Imagine walking into a showroom in five years and the equivalent electric vehicle is cheaper than the 1.6-litre petrol banger. Sounds absurd by current standards, doesn’t it?
Well that’s what the near future looks like, according to Nissan.
Speaking at the launch of the second-generation Nissan Leaf electric car in Australia this week, Nic Thomas, global director of electric vehicles at Nissan, made his - and apparently most of the industry’s - bullish views on electric vehicle affordability clear.
“This study was done by Morgan Stanley but I can assure you we have our own internal ones [at Nissan] that are very similar,” he said, referring to a chart in the background showing the price of EVs dropping below that of petrol and diesel-engined vehicles in just five years.
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To contextualise how dramatic a change this new price-positioning is, look at the substantial hit on the wallet the new Hyundai Kona Electric asks. The South Korean maker recently launched its electric SUV which is based on the first-gen Kona, ditching the traditional combustion engine and gearbox for an electric motor and batteries and it represents quite a step up in price.
Retail, the top-spec Kona Highlander with a 1.6-litre turbo petrol four and front-wheel drive asks $35,500; the top-spec Kona Electric Highlander with its electric powertrain driving the front wheels cost $64,490.
It’s rather clear the costs of electrification are – for the time being at least - staggering.
To Nissan’s credit, its new Leaf is priced at $49,990 and comes loaded with kit such as electrically adjustable and heated front seats, a heated steering wheel, and full leather-trimmed interior. But its battery is a measly 40kWh compared to the Kona’s 64kWh, which results in WLTP-rated driving range of 270km for the Leaf and 450km for the Kona.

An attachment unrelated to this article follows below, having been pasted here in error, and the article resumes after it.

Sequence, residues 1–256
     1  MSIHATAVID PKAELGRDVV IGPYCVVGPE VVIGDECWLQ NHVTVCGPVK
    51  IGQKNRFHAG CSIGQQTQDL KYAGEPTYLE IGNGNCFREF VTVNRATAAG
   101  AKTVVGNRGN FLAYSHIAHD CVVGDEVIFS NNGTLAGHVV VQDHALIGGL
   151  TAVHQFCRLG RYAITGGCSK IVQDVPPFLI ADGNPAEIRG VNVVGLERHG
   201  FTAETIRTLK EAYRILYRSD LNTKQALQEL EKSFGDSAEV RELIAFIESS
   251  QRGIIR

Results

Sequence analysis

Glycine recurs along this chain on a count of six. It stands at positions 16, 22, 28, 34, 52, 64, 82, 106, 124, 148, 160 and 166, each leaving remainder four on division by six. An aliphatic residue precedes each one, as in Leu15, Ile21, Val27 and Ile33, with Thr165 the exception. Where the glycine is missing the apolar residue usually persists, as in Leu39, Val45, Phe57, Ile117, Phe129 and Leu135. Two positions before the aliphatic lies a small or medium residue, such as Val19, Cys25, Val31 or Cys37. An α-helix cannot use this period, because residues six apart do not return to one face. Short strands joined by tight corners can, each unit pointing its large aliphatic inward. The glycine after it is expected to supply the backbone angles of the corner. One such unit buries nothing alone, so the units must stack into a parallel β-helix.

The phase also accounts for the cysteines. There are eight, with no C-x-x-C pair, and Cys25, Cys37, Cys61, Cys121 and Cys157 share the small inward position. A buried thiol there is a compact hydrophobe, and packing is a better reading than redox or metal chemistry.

But we needn't have EV range and hip-pocket anxiety soon, according to Thomas. The need to lower emissions is having a hit on the bottom line for combustion engine development, and with the price of batteries falling, Nissan expects a crossover in price between the two by 2024.
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“What you see here [on the graph] is the cost of traditional petrol and diesel powertrains and because of those [emissions] standards the cost of those things are going up very rapidly.
“So all those lines that start at the bottom at 100 and rise very rapidly are the costs to us as a car company of building traditional engines in the way that we always have and therefore, ultimately, we are going to have to pass on all those costs to the customer. Not just us but every other car company.”
Thomas further explains that we’re already experiencing the effect of better electric production efficiencies, with the new Leaf more affordable than ever before.
“So those costs are falling very rapidly and it allows us to launch this car [Nissan Leaf] with a 40kWh battery at the same price as the original model with a 24kWh battery. It’s because the cost of those batteries are coming down.
“What we are going to see very soon is a crossover - and this is not just my forecast this is Morgan Stanley’s, and many other people are in similar positions, and everyone is forecasting that very soon there will be this crossover where a battery car is going to cost less than a petrol or diesel one. So that’s a good argument for a customer why they should buy one.”